Earlier today I posted perhaps an unneeded Michael Floyd article where I posited that even though I’m not targeting Floyd now, I’m paying attention to see if the conditions might materialize for Floyd to become a value. I offered a sensitivity table in that article which had some hypothetical fantasy point totals based on varying numbers of targets. As I was doing that I realized that it’s kind of helpful to be able to translate targets into a fantasy positional finish. For instance, here’s a graph I made where I plotted targets versus WR finish for the 2013 and 2014 seasons.
You can see that getting up over the 145 number in targets will also mean about a WR12 finish. I think it’s important to keep that trend in mind as we think about 2015 because usage is the immovable object in fantasy football. It’s true that crazy seasons like Jordy Nelson’s 96 target/15 TD season can happen. And the flip side can also happen as Andre Johnson rolled up 146 targets and not very many fantasy points in 2014. But you’re better off counting on your player landing somewhere around league average in efficiency, than you are planning for him to wildly exceed league average in efficiency. That’s why the targets are so important.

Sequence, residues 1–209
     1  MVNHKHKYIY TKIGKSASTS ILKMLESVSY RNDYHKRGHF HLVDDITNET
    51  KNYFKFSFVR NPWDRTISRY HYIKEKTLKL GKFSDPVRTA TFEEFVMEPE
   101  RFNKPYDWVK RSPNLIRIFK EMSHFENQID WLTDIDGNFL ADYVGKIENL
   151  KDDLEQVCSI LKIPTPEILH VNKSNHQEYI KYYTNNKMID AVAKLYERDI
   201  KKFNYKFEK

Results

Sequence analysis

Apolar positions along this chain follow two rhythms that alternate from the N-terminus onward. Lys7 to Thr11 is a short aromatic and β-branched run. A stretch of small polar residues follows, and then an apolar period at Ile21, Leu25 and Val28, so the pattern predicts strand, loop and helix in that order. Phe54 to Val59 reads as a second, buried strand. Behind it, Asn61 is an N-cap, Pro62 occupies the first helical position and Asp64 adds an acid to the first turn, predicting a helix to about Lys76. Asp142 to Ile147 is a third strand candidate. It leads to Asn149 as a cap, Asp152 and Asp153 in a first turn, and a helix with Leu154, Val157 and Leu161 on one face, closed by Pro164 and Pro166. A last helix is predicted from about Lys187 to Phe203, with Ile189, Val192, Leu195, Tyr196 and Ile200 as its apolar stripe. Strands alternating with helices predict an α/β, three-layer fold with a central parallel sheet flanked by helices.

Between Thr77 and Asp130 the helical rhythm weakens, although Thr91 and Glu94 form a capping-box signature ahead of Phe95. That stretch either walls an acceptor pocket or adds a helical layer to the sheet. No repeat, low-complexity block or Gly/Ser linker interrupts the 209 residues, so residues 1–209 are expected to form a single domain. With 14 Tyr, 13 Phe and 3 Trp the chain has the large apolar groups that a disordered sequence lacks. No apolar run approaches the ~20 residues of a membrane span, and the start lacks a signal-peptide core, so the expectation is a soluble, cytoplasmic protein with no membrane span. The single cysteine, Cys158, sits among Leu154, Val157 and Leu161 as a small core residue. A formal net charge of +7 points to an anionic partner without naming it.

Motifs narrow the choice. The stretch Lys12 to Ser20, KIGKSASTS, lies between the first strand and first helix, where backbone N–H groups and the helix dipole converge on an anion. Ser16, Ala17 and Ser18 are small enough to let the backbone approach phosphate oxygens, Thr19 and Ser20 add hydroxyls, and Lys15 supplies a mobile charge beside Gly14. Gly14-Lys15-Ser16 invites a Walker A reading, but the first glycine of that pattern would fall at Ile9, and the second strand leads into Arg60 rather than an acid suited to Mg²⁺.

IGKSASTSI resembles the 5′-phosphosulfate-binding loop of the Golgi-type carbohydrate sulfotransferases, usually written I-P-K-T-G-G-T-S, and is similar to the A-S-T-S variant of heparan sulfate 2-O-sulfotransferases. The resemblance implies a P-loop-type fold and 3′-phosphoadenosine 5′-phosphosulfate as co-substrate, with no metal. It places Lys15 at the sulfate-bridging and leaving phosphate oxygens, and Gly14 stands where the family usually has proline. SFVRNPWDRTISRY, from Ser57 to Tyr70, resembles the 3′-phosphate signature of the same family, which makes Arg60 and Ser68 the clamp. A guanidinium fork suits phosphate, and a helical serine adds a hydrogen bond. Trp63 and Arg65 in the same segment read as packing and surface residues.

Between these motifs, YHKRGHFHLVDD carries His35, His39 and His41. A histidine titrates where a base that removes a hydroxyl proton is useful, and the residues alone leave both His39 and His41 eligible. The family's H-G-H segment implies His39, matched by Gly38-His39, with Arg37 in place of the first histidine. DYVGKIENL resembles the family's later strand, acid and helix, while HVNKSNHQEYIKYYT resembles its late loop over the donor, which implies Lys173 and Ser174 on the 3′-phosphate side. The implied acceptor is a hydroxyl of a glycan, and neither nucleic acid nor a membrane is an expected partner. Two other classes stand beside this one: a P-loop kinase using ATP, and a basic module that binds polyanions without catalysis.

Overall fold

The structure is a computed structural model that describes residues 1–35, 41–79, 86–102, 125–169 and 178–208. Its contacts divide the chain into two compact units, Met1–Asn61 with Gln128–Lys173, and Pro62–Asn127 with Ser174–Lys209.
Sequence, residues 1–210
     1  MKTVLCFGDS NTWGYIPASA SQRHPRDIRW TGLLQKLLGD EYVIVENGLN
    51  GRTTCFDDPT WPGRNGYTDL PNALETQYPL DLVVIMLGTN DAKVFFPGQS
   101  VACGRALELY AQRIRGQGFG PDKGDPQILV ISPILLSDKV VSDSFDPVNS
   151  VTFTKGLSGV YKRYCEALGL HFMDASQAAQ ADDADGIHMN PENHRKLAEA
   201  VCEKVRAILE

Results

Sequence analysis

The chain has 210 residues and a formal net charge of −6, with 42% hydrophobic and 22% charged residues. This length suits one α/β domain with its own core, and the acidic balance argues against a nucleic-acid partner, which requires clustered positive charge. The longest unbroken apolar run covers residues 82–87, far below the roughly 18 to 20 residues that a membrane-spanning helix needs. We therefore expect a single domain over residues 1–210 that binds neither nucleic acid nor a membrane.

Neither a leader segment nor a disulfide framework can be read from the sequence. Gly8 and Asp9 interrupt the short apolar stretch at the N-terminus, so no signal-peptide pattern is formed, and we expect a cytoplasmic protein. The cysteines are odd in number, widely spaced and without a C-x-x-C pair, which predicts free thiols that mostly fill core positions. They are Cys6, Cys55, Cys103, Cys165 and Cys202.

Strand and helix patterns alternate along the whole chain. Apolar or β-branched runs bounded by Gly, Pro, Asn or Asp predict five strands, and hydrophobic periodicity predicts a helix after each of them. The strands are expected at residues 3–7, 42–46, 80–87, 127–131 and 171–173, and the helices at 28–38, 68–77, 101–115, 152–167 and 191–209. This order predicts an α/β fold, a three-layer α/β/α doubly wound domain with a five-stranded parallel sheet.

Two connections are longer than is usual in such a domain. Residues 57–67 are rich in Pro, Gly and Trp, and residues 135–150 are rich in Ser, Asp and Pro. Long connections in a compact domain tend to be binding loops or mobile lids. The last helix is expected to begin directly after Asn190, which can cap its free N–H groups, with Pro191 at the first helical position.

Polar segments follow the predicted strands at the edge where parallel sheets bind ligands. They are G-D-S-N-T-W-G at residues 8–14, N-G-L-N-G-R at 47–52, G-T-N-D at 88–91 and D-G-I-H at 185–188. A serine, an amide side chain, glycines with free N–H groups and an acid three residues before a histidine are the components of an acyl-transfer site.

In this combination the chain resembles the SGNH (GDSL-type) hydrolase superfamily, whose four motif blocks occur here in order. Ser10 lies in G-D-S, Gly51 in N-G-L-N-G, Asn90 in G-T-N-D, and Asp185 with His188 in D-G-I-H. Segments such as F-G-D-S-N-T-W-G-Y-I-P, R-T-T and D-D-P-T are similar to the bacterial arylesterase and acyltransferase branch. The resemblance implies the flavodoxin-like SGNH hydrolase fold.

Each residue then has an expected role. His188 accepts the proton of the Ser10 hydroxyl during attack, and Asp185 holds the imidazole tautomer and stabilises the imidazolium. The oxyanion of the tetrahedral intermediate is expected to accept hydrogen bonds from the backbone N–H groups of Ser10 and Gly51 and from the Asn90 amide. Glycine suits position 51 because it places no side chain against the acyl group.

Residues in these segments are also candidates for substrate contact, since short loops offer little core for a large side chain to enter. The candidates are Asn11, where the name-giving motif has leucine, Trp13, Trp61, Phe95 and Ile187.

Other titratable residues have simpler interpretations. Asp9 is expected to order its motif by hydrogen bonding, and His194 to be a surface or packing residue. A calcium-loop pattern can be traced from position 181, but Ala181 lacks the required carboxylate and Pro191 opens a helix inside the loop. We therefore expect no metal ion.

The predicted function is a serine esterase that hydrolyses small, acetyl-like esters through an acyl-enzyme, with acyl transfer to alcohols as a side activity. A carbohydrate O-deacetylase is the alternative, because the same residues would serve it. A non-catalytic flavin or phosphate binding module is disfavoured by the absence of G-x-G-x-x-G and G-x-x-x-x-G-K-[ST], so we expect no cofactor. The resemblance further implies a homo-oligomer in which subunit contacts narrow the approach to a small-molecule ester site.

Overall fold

Below is a table I made where I took the trend line from above and calculated the positional finish at WR for various target numbers. It’s important to think about as we really bear down and try to figure out who this year’s league winners will be. Can you really tell yourself a story about your guy getting into the 130 target range? That’s probably about what’s needed for a WR that you draft in the WR30-WR40 range to really make a noticeable difference on your roster. You want every player to exceed draft cost, but not every draft pick you make will actually do that. But if you draft a player at WR30+ and they can make it up into the WR18 or higher range then you’ve made a real profit.